Ready to run applications from multicore platform onto Intel® Xeon Phi™ coprocessor

We are staying the stage where most of developers do parallel-programming on multicore platform, and preparing to step into Many-Integrated-Cores (MIC) architecture.

Intel® Xeon Phi™ coprocessor (based on MIC architecture) combined many Intel CPU cores into a single chip (MIC microarchitecture), which can be connected to an Intel Xeon processor (Host) through PCI express bus. Intel Xeon Phi coprocessor can run a full service Linux* operation system, and communicate with Host.

Intel Xeon Phi coprocessor has peak performance on FLOPS, wide memory bandwidth, many threads’ paralleling and robust Vector Processing Unit (VPU, process 512-bit SIMD).

I have one machine which is Intel® Core™ i7 CPU with 1.6GHz, 6 cores with HT technology, also there is Intel® Xeon Phi™ coprocessor 1.1GHz in this machine.

In this article, I will pilot some experiments (cases with samples) to teach:

  • How to use Intel(R) C/C++ Composer XE to recompile code for Intel Xeon Phi coprocessor
  • Run it on MIC device and use VTune™ Amplifier XE to analyze the performance

Preparing works:

  • Ensure MIC device is running: use “service mpss status” to check, and use “service mpss start” to invoke it if it stops
  • Ensure Intel® C/C++ Composer XE, Intel® MPI library and Intel® VTune™ Amplifier XE have been installed in system, then set environments of them. For example,
    • source /opt/intel/composer_xe_2013.1.117/bin/compilervars.sh intel64
    • source /opt/intel/impi/4.1.0/bin64/mpivars.sh
    • source /opt/intel/vtune_amplifier_xe_2013/amplxe-vars.sh

Case 1: Use OpenMP* for Pi calculation, to run on Xeon Host and MIC device 

  1. Compile, run Pi-OMP code on multicore system, analyze performance
    1. # icc -g -O3 -openmp -openmp-report omp_pi.c -o pi

omp_pi.c(16): (col. 1) remark: OpenMP DEFINED LOOP WAS PARALLELIZED

b. Run program

# time ./pi

Computed value of Pi by using OpenMP:  3.141592654

real  0m11.008s

user2m8.496s

sys   0m0.179s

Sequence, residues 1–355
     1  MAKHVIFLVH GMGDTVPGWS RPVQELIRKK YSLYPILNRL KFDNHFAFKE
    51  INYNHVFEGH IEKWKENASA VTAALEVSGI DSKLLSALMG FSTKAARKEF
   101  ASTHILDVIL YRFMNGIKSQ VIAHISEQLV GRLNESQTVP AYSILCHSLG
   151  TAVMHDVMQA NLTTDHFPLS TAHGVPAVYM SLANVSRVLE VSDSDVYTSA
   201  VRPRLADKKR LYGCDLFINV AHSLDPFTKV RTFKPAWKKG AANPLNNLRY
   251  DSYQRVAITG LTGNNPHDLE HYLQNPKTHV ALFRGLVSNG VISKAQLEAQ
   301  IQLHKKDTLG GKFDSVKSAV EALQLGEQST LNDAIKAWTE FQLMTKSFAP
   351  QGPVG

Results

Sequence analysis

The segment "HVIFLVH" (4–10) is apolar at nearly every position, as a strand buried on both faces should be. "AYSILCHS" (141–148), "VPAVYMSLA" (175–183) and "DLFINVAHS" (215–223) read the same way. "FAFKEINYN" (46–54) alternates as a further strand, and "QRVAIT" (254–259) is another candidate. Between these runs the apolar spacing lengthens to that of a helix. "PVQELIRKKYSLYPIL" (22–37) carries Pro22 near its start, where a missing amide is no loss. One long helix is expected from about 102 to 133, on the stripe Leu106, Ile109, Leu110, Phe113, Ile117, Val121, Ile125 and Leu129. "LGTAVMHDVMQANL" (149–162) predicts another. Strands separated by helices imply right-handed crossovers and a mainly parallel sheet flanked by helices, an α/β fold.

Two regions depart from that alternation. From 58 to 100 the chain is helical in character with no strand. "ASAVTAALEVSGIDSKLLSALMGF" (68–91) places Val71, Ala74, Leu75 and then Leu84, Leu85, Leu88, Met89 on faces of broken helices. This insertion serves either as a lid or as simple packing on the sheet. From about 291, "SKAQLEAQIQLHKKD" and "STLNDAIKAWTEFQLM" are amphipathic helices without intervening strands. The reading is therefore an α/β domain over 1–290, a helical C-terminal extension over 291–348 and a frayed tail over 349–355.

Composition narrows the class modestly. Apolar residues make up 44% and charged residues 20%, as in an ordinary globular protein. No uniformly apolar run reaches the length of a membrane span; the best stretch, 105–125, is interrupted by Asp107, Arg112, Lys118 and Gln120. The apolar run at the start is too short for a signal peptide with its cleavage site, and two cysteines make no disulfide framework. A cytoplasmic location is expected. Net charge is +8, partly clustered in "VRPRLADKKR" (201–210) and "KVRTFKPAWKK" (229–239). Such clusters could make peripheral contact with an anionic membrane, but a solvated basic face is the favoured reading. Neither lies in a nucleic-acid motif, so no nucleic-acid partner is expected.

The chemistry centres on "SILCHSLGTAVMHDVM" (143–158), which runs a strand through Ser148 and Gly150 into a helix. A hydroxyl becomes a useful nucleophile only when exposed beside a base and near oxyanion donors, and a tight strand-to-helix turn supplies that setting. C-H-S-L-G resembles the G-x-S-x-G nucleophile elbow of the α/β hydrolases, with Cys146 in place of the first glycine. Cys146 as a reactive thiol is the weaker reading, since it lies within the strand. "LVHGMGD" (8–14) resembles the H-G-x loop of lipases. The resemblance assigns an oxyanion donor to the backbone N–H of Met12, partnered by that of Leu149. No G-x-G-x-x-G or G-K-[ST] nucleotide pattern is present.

c. Use VTune™ Amplifier XE to analyze

# amplxe-cl -collect lightweight-hotspots -- ./pi

Observe the result which is opened by amplxe-gui, we know:

√ Workloads on threads are balanced

√ Each core is full-utilized

2. Compile Pi-OMP code on Host and run it on MIC, analyze performance

a. #icc -g -O3 -mmic -openmp -openmp-report omp_pi.c -o pi

omp_pi.c(16): (col. 1) remark: OpenMP DEFINED LOOP WAS PARALLELIZED

# scp pi mic0:/root    ; copy program to the device

You have to copy MIC libraries to the device first, before running native MIC program

# scp -r /opt/intel/composer_xe_2013.1.117/compiler/lib/mic/*  mic0:/lib64

b. Run program

#time ssh mic0 /root/pi

Computed value of Pi by using OpenMP:  3.141592654

real  0m2.524s

user 0m0.010s

sys   0m0.003s

c. Use VTune™ Amplifier XE to analyze

# amplxe-cl -collect knc-lightweight-hotspots --search-dir all:rp=./ -- ssh mic0 /root/pi

Observe the result which is opened by amplxe-gui, we know:

There are 241 threads paralleling-working

Workloads on threads are balanced

Each threads took ~2s, including time spent in Linux and OMP library

Each core is not full-utilized

Case 2: Use MPI for Pi calculation, to run on Xeon Host and MIC device 

  1. Compile, run Pi-MPI code on multicore system, analyze performance
    1. # mpiicc -g -O3 mpi_pi.c -o pi

b. Run program

 time mpirun -n 12 ./pi

Computed value of Pi by using MPI:  3.141592654

Elapsed time: 21.72 second

real  0m21.760s

user 4m20.592s

sys   0m0.104s

c. Use VTune™ Amplifier XE to analyze (note that lightweight-hotspots is not supported on single node for MPI program, PUM resource cannot be reused)

# mpirun -n 12 amplxe-cl -r mpi_res_host -collect hotspots -- ./pi 

(There will be 12 result directories generated, for 12 processes - you can pick up anyone to analyze)

Observe the result which is opened by amplxe-gui, we know:

MPI program (12 threads) ran on 12 cores respectively, with full-core-utilized

Each core ran single thread

2. Compile Pi-MPI code on Host and run it on MIC, analyze performance

        a. #mpiicc -g -O3 -mmic mpi_pi.c -o pi

#scp pi mic0:/root    ; copy program to the device

Copy impi bins/libraries onto the device

# scp /opt/intel/impi/4.1.0.024/mic/bin/* mic0:/bin

# scp /opt/intel/impi/4.1.0.024/mic/lib/* mic0:/lib64

b. Run program

# time ssh mic0 /bin/mpiexec -n 240 /root/pi

Computed value of Pi by using OpenMP:  3.141592654

Elapsed time: 14.95 seconds

real  0m19.570s

user 0m0.010s

sys   0m0.003s

c. Use VTune™ Amplifier XE to analyze

# amplxe-cl -collect knc_lightweight_hotspots -r mpi_res_target -search-dir all:rp=. -- ssh mic0 /bin/mpiexec -n 240 /root/pi
(it is quite different like Host, all threads info is stored in one result directory)

Observe the result which is opened by amplxe-gui, we know:

In most of time, MPI program are parallel-working

All cores are full-utilized, in most of time

Pi calculation itself is ~13s only

But vmlinux & OMP libraries takes more time, probably “reduction” work between threads

Case 3: Use Threading Building Block (TBB) for Pi calculation, to run on Xeon Host and MIC device